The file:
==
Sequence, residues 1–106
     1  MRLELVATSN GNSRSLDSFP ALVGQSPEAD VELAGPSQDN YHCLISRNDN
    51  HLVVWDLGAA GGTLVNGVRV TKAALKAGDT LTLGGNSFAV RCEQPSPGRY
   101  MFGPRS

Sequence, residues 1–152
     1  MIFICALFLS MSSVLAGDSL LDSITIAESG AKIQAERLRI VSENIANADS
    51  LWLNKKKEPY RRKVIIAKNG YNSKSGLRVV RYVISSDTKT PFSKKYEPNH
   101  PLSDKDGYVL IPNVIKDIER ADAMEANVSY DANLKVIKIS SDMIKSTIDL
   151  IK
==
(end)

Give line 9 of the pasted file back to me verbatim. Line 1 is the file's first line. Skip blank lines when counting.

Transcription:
   151  IK